Too Many Verbs

Technology in general, and software in particular, has gotten too damn complicated. The central problem is obvious: it’s all designed for the aficionado, the “power user”, the person who intends to use it night and day. If you intend only to use the device or app on a less-than-professional level, you’re inundated with more features and controls than you can possibly handle. In this essay, I’ll add up the number of controls that I must learn to use in order to use the stuff that I use on a regular basis.

When I was young, a television set had just three controls: On/Off; channel selector (a rotating switch); and sound volume. There might be some adjustment knobs on the back of the TV, but that was mostly for technicians.

Here are the controllers I now must use:

TV Controllers

These four controllers boast a total of 206 buttons. Moreover, these buttons are not the only controls; many of the buttons serve different uses in different contexts. Sometimes these different functions are split ambiguously among different buttons. For example, when I want to play a recorded TV program, sometimes I must use the “play” button, and sometimes I must use the “OK/SEL” button. I have never figured out the means to discriminate them. Out of these 206 buttons, I use 14; I don’t think I have ever deliberately touched any of the other 192 buttons.

Next comes my iPhone. To be fair, I will not include any of the apps that I downloaded; I will limit my count to only those built-in apps that I use often. These are: Calendar, Messages, Photos, Camera, Maps, Weather, Clock, Notes, Settings, FaceTime, Phone, Mail, Safari, and Music. And of course, there’s the iPhone “Finder”, the outer-level program that handles all the other apps. Let’s just start with the plethora of actions that count as verbs: tap, Home, Sleep/Wake, drag, flick, shake, and pinch. The difference between drag and flick is a matter of speed. There are also, of course, sequential combinations of just about every one of these. There are also verbs that rely on your starting at one edge of the screen and dragging in a particular direction. 

I have searched the web and I have been unable to find any comprehensive list of commands available at the Finder level in iOS 7. There are tons of ‘tips & tricks’ articles, but nothing that attempts to present a complete list. Therefore, I must simply estimate the number of verbs available in each context. These are wild guesses, but they’re the best I can come up with:

“Finder”: 20
Calendar: 10
Messages: 5
Photos: 5
Camera: 5
Maps: 10
Weather: 2
Clock: 10
Notes: 10
Settings: 100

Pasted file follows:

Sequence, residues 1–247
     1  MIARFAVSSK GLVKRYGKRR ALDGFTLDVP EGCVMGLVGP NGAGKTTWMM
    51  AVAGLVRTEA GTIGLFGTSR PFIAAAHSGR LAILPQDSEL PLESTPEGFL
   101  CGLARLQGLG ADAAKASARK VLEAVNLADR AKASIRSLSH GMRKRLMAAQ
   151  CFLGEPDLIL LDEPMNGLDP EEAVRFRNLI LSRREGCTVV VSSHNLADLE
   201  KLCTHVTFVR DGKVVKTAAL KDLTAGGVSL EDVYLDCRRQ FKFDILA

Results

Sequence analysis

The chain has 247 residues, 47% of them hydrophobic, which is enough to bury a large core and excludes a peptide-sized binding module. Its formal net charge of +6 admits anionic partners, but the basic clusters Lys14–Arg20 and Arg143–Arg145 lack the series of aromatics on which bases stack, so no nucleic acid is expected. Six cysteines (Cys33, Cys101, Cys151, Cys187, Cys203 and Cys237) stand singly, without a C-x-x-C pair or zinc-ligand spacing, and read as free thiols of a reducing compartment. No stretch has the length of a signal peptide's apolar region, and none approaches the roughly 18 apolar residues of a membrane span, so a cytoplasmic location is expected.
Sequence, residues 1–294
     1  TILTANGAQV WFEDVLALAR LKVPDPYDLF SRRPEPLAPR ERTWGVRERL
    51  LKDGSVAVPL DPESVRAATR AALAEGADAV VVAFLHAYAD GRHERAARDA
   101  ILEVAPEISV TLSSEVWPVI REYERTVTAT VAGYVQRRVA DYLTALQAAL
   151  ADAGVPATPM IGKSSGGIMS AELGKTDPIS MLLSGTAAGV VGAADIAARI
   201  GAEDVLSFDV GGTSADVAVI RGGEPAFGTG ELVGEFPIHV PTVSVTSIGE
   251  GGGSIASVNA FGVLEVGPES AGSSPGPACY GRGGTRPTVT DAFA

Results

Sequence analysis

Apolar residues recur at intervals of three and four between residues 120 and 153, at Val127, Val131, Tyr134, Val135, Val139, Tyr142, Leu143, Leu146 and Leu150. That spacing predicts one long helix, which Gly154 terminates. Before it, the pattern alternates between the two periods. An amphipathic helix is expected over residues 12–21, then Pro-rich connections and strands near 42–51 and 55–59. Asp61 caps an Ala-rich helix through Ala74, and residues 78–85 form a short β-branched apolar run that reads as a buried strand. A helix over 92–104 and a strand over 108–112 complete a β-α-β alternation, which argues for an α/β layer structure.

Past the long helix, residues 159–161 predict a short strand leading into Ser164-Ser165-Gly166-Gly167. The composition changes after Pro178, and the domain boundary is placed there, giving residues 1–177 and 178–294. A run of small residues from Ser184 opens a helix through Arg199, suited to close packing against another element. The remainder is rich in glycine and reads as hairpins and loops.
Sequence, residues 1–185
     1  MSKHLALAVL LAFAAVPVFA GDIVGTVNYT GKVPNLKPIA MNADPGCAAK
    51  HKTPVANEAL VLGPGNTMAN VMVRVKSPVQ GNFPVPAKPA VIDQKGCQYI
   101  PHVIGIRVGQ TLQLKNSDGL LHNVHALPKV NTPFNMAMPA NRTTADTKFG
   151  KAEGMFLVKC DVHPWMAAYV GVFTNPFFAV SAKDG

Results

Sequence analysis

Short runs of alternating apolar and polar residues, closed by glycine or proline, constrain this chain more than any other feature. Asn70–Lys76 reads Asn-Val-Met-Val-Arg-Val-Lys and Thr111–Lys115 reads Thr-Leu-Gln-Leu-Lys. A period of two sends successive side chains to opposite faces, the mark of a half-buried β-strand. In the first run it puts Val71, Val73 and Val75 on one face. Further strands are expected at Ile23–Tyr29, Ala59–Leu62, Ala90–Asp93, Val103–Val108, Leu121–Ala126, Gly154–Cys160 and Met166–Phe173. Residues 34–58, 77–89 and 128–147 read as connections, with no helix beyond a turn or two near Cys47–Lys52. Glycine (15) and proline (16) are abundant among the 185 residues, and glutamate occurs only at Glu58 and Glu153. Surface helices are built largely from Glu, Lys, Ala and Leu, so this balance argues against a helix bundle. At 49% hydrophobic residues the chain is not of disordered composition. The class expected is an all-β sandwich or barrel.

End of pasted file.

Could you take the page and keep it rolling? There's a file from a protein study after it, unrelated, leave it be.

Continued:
FaceTime: 5
Phone: 10

I have left out Mail and Safari because they are close to the Macintosh versions, so I’ll count them there. My estimates are obviously conservative; I have left out universal verbs such as cut, copy, past, OK, cancel, etc.

The total for the iPhone comes to ~200 verbs. And remember, that doesn’t include a lot of verbs that I seldom or never use.

This is my main computing device and for it I have a great many applications and uses. Here are the programs that I commonly use. I’m leaving out a number of programs that I use only occasionally. Also, I’m guessing the verb counts after looking at menus and dialog boxes.

Finder: 100
Safari: 50
Mail: 50
Pages: 100
System Preferences: 200
TextWrangler: 200
OmniGraffle: 200
Pixelmator: 200
iTunes: 50
Eclipse: 500
FaceTime: 10
Numbers: 300
Cyberduck: 100
Sandvox: 200
Keynote: 100
Java: 500
PHP: 40
HTML: 50

Macintosh Total: 2950 verbs. Let’s round it up to a nice, clean 3,000 verbs. 

Adding up all three sources produces a grand total of 3,400 verbs. Now consider the implications of this: I am expected to learn the meanings of over 3,000 verbs in order to properly utilize my technology. 

Compare this with the ancient Egyptian scribes, who had to memorize about 2,000 distinct hieroglyphs to practice their craft. A typical scribe underwent at least ten years of specialized training before he could practice his craft properly. 

In other words, just using my computer requires me to learn more distinct items than a professional Egyptian scribe learned. This is simply too much. Here are some of the graphical expressions of some of the verbs in some of these applications:


Can you make sense out of any of these?

I think that the conclusion from all this should be obvious: we have reached the limits of the GUI system. The old command-line system had to be abandoned when its verb count exceeded about a hundred verbs; there were just too many commands for people to memorize. The GUI system permitted us to go much further, but we have now reached its upper limits. It is time to move on to another user interface system, and that system should be obvious to everybody: a linguistic user interface based on voice interaction. I shouldn’t have to figure out what all these weird symbols mean; I should be able to simply say “Print this” or “Play an episode of Gilligan’s Island” and be done with it. Apple has made the greatest strides forward with its Siri interface but it needs to take it much further. I think that Apple is being too conservative after the ugly experience they had with the handwriting recognition in the Newton back in the 1990s. I hope that they will push this new interface system hard.

Besides, that’s how they do it on Star Trek:

Scotty Talks to Mac